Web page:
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Tucson's El Charro Café: Art and Eats

Posted by Anne Burke on April 02, 2012
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  • skeleton with top hat and cigar decoration at El Charro Café in Tucson, picture
    Photo credit
    Photo: Anne Burke
    Photo caption
    A cigar-chomping skeleton greets visitors at El Charro.
  • Tamale trio plate at El Charro Café in Tucson, picture
    Photo credit
    Photo: Anne Burke
    Photo caption
    Order the trio of tasty tamales at El Charro.

You can hardly toss a tortilla in Tucson, Ariz., without hitting a really terrific Mexican restaurant. One of the best is El Charro Café, owned and operated by three generations of the Flores family since 1922.

To call El Charro a restaurant sells it short. This locals’s favorite is as much a gallery of Mexican folk art as it is a food destination.

Under soaring ceilings, a warren of cozy rooms have walls painted gaily in orange, lavender, and lime, and crowded with metallic crosses, vintage vaquero sombreros, and paintings of the saints.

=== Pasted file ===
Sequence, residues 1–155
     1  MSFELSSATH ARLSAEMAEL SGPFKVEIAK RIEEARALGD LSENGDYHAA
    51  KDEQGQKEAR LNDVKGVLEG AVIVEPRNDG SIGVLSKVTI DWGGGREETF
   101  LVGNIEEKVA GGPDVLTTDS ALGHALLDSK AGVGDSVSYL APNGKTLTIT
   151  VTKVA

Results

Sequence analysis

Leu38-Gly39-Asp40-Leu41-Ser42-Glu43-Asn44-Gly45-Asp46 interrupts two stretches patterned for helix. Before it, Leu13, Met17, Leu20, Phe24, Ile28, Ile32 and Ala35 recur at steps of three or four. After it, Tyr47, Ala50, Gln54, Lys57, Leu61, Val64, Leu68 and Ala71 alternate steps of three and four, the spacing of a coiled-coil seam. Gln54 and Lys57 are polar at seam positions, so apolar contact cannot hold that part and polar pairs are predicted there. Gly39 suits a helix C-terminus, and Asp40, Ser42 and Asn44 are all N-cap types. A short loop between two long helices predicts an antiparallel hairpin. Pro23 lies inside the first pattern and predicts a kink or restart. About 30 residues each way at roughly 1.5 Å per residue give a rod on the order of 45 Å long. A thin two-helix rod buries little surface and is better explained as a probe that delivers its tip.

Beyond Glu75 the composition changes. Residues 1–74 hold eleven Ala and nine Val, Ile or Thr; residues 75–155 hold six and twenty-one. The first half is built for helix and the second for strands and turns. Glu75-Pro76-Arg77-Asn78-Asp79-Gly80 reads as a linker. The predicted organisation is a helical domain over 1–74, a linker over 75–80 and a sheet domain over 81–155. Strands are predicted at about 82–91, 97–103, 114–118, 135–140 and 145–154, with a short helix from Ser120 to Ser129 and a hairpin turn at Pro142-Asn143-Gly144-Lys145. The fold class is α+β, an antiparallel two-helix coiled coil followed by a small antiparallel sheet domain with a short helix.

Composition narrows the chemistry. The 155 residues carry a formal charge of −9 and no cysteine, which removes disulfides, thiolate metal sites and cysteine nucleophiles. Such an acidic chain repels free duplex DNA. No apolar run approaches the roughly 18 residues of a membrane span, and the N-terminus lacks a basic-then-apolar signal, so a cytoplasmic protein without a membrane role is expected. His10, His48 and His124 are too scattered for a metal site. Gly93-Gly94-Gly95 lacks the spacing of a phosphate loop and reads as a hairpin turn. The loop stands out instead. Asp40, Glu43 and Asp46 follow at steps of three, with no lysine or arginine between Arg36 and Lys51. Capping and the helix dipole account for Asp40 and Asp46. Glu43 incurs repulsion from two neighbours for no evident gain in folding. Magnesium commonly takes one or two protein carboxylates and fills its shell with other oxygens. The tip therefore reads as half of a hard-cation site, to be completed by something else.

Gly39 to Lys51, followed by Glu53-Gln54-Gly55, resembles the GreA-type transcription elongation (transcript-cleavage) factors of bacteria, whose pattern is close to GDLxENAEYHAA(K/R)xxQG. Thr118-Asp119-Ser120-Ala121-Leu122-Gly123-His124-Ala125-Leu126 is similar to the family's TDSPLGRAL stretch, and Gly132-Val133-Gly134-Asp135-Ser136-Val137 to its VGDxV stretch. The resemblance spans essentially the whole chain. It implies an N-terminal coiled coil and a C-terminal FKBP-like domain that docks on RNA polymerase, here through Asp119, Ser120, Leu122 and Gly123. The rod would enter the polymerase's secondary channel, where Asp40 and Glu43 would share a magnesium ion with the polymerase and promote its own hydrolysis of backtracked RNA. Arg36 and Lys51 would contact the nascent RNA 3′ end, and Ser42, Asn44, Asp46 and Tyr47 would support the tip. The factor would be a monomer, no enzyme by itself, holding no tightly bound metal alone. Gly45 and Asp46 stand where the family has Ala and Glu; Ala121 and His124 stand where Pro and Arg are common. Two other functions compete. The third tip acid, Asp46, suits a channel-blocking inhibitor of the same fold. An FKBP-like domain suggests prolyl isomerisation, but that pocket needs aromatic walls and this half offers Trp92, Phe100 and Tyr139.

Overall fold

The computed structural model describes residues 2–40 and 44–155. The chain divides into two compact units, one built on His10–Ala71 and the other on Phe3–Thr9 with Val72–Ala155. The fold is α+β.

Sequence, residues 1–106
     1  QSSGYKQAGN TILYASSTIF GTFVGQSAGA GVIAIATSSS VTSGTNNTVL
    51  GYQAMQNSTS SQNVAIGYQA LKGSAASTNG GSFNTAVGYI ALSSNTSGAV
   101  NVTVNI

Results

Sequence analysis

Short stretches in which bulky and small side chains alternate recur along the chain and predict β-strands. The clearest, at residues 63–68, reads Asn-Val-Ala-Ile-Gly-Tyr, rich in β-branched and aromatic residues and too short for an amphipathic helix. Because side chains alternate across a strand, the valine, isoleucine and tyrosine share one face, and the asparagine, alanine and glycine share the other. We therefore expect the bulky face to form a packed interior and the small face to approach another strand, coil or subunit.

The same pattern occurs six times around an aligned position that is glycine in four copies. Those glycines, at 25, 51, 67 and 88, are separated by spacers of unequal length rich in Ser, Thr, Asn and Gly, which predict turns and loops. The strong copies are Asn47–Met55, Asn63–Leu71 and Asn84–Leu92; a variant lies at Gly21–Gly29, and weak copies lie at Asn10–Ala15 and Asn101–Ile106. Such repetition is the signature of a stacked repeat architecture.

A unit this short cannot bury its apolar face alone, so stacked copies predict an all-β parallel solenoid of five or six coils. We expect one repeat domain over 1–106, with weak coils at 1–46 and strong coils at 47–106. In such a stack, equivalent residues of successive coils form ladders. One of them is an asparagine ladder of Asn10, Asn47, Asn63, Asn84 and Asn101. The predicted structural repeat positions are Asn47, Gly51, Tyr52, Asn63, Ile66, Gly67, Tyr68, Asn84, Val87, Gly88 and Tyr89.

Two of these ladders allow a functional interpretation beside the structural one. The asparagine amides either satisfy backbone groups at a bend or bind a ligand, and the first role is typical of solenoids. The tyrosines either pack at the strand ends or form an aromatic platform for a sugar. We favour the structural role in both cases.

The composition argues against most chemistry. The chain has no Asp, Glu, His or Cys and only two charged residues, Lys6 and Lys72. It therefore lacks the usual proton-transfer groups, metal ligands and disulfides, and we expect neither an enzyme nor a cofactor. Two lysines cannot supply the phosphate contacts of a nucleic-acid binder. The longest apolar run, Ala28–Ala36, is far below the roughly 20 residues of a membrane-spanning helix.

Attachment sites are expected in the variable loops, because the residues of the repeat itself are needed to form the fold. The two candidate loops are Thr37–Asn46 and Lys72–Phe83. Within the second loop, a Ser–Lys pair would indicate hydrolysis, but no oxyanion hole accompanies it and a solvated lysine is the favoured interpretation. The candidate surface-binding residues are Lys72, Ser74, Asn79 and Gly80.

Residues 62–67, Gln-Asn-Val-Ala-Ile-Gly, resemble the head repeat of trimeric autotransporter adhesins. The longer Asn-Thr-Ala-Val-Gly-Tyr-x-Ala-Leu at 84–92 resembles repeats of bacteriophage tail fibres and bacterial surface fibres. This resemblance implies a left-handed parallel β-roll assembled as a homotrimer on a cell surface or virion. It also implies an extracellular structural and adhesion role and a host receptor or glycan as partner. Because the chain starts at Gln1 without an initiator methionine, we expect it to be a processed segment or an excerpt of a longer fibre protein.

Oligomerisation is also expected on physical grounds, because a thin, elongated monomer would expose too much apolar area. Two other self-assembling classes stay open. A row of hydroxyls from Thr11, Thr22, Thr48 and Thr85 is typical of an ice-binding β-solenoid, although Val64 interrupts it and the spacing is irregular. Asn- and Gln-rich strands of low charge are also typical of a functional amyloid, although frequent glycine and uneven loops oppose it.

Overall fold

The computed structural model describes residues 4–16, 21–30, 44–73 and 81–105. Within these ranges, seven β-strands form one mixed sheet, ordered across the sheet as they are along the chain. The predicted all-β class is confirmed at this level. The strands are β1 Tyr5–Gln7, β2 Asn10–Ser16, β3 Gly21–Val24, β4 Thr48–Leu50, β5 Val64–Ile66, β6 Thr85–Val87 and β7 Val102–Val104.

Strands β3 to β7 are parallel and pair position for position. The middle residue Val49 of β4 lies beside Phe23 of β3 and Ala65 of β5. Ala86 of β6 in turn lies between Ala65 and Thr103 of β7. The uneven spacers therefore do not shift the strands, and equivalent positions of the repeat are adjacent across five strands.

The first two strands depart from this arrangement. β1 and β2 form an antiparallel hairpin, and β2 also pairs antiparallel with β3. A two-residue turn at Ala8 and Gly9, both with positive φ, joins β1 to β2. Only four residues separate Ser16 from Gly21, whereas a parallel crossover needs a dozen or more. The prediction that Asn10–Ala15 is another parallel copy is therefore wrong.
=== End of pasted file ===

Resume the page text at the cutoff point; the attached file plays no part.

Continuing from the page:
A Day of the Dead skeleton wearing a top hat and chomping on a cigar laughs off el muerte and all that might hasten it: “Another pitcher of margaritas? It’s not going to kill you!” Our Lady of Guadalupe, eyes cast down, presses her palms together, as if to pray that you enjoy your trio of hot steaming tamales. Her entreaty is thoroughly unnecessary; this Mexican comfort food is delicious.

When the weather is nice, ask for a table in the patio, under the big acacia tree and the strings of Mexican beer flags. The centerpiece is a fountain cleverly decorated with sombreros of oxidized copper and surrounded by tables with colorful, oilcloth coverings.

El Charro is well-known for its carne seca, the marinated, dried beef that is a classic of Sonoran-style cuisine.

In the old days, owner Monica Flin would dry her beef strips on a clothesline in a storage shed. Today, write authors Jane and Michael Stern in “The El Charro Café Cookbook,” Flin’s grandniece, Carlotta Flores, puts her beef in a metal mesh cage that is suspended high above the patio to take advantage of the hot desert sun. The thoroughly dried meat is then shredded and flash-grilled with green chile, tomato and onions.

El Charro has expanded to several locations, but first-timers should start with the flagship restaurant in the El Presidio Historic District downtown.

What's your favorite Mexican restaurant?

Read More: Things to do in Tucson, Arizona

This blog post was first published in April 2012. Some facts may have aged gracelessly. Please call ahead to verify information.